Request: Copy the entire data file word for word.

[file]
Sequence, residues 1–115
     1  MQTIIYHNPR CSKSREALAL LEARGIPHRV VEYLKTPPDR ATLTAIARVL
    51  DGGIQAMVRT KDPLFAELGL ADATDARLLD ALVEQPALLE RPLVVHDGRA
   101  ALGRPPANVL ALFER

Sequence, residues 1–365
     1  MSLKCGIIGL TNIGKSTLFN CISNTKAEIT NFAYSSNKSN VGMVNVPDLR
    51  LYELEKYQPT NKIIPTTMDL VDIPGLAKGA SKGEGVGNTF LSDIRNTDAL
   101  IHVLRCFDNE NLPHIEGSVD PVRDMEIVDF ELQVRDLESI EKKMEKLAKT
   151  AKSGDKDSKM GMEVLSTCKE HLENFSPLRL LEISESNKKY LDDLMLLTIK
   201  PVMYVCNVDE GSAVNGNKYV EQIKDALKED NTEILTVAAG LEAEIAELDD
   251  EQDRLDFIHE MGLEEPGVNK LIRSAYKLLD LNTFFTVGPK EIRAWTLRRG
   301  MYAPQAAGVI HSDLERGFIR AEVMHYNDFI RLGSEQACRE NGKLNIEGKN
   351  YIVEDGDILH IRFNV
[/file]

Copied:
Sequence, residues 1–115
     1  MQTIIYHNPR CSKSREALAL LEARGIPHRV VEYLKTPPDR ATLTAIARVL
    51  DGGIQAMVRT KDPLFAELGL ADATDARLLD ALVEQPALLE RPLVVHDGRA
   101  ALGRPPANVL ALFER

Sequence, residues 1–365
     1  MSLKCGIIGL TNIGKSTLFN CISNTKAEIT NFAYSSNKSN VGMVNVPDLR
    51  LYELEKYQPT NKIIPTTMDL VDIPGLAKGA SKGEGVGNTF LSDIRNTDAL
   101  IHVLRCFDNE NLPHIEGSVD PVRDMEIVDF ELQVRDLESI EKKMEKLAKT
   151  AKSGDKDSKM GMEVLSTCKE HLENFSPLRL LEISESNKKY LDDLMLLTIK
   201  PVMYVCNVDE GSAVNGNKYV EQIKDALKED NTEILTVAAG LEAEIAELDD
   251  EQDRLDFIHE MGLEEPGVNK LIRSAYKLLD LNTFFTVGPK EIRAWTLRRG
   301  MYAPQAAGVI HSDLERGFIR AEVMHYNDFI RLGSEQACRE NGKLNIEGKN
   351  YIVEDGDILH IRFNV